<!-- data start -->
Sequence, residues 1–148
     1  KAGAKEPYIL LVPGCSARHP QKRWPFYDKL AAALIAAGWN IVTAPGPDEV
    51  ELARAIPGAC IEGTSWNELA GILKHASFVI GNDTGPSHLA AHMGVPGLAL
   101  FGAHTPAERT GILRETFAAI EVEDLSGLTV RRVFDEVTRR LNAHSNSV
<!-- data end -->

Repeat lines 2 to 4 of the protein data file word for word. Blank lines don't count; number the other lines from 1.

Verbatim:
     1  KAGAKEPYIL LVPGCSARHP QKRWPFYDKL AAALIAAGWN IVTAPGPDEV
    51  ELARAIPGAC IEGTSWNELA GILKHASFVI GNDTGPSHLA AHMGVPGLAL
   101  FGAHTPAERT GILRETFAAI EVEDLSGLTV RRVFDEVTRR LNAHSNSV